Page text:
A Reflection on Professor “Bunny” Lalor

“A giant amongst giants … a chemist who always knew how to solve a problem, and a mind constantly at work … Always in the quest to better mankind and the Jamaican people…” is how Professor Dale Webber, Pro Vice-Chancellor and Principal of The UWI, Mona Campus remembers the late Professor Emeritus, the Honourable Gerald “Bunny” Cecil Lalor, OM, OJ, CD.

Photo from The Department of Chemistry, UWI, Mona by K. E. Magnus and R. J. Lancashire

Professor Lalor, a U(C)WI alumnus was one of the pioneering pelicans of the University. He was among the second batch of students to graduate from the UCWI Faculty of Natural Sciences in 1953, with a BSc in Chemistry, Physics and Mathematics. His first job was as a chemist at the West Indies Chemical Works, then the world’s largest producer of logwood dyes. The colouring principles of logwood dyes, haemotoxylin and haematein, became the subject of Lalor’s Masters’ degree, awarded in 1957. He later went to the University of Cambridge on a Leverhulme Colonial Scholarship to do research but returned after a year to take up the position of Chief Chemist, following the resignation of his predecessor.

Photo from The Department of Chemistry, UWI, Mona by K. E. Magnus and R. J. Lancashire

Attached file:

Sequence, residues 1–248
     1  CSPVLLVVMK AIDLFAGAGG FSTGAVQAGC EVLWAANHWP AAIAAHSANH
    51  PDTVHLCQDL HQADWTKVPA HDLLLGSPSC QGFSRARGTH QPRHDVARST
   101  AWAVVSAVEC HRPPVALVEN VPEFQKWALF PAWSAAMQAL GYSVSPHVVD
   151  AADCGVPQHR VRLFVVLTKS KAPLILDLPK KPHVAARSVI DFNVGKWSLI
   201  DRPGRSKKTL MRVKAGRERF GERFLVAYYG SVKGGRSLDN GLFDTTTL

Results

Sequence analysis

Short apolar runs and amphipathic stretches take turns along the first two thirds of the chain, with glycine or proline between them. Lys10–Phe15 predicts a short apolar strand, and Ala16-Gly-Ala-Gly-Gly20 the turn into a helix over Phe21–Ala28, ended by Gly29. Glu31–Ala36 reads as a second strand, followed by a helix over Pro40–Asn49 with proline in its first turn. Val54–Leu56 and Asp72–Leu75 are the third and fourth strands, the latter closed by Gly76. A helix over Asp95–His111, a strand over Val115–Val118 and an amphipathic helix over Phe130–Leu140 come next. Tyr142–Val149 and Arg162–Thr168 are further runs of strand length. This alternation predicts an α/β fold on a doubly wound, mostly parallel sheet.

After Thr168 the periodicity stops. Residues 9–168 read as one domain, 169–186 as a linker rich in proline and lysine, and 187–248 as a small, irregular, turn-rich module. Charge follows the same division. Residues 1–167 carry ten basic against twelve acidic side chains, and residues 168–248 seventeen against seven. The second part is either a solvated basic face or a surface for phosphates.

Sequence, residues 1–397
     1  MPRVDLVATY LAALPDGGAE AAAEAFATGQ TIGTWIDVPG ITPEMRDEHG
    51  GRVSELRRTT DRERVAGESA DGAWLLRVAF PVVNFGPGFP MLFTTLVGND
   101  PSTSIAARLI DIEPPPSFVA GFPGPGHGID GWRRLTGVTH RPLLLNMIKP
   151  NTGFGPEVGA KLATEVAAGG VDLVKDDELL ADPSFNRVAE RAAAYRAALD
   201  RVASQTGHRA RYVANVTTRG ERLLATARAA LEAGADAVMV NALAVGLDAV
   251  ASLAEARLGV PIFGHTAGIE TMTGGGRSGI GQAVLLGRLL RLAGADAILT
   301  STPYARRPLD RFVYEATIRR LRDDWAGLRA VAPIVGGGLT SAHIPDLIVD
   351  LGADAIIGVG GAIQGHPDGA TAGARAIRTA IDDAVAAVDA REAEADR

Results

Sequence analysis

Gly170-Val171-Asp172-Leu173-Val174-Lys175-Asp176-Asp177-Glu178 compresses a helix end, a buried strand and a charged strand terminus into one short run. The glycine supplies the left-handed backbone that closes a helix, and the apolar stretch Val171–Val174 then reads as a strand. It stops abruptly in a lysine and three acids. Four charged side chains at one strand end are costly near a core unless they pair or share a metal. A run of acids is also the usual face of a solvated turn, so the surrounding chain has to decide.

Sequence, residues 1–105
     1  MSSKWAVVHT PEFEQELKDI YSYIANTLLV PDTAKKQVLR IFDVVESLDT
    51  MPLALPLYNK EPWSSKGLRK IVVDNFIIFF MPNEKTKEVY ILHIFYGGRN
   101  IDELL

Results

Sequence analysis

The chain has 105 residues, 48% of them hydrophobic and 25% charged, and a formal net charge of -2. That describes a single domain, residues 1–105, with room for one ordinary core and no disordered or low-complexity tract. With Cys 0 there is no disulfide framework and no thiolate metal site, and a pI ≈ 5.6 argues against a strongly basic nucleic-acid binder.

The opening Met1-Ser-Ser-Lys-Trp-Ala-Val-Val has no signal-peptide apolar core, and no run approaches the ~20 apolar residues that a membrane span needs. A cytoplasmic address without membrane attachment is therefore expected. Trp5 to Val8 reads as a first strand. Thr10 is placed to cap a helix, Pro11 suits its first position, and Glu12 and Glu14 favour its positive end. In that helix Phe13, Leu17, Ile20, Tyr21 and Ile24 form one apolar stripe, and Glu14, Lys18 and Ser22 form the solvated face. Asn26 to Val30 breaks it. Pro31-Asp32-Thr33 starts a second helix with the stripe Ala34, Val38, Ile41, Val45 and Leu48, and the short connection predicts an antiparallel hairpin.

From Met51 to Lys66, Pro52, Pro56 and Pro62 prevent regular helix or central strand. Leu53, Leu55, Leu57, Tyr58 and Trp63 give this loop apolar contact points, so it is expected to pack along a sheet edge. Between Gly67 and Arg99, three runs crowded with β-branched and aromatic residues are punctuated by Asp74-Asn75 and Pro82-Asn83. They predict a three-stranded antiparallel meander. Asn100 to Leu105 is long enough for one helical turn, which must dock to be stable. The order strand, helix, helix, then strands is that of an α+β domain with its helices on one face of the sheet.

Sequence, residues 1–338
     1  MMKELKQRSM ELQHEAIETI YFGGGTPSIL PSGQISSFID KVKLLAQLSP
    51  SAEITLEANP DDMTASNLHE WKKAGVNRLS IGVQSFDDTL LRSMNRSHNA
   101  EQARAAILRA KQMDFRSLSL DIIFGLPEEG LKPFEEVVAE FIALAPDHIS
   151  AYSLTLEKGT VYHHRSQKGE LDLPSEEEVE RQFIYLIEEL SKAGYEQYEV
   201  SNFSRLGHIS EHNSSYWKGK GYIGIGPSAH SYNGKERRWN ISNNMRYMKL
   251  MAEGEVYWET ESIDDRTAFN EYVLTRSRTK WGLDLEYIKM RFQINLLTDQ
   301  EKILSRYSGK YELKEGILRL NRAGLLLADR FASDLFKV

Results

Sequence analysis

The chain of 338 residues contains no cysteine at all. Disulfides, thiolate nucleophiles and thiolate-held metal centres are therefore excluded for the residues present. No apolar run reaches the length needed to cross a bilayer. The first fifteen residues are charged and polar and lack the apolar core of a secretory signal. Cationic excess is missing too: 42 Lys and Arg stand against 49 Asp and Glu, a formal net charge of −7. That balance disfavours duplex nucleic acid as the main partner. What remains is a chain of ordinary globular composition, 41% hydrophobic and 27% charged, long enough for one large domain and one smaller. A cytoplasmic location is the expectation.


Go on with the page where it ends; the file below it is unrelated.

In 1960, he gave up his post of Chief Chemist and returned to his UWI family to serve as an assistant lecturer in Chemistry. In 1963, he acquired his doctorate in Physical Inorganic Chemistry at the University of London, and by 1969 he was appointed Professor of Chemistry, the first UCWI graduate to receive a professorship. His principled ways and unrelenting drive for success propelled him towards making further academic gains and scientific discoveries and developments.

Beyond academic excellence, he also played a pioneering role – becoming the first UCWI graduate to be appointed Pro Vice-Chancellor in 1974 and the first Principal of the Mona Campus after the Vice-Chancellor stopped holding that post in 1991. As fittingly expressed by Vice-Chancellor, Professor Sir Hilary Beckles: “Professor Lalor was the quintessential representative of the gentleman scholar who shaped the academic and administrative culture of The UWI system. He was humane in his thinking and humorous in approach, a combination that won universal love and respect among his peers. As an early pioneer of UWI science and technology, he will be remembered and celebrated as a giant whose footprints paved the way for generations of staff and students.”

Walk good Professor “Bunny” Lalor, though you are gone, you will never be forgotten.

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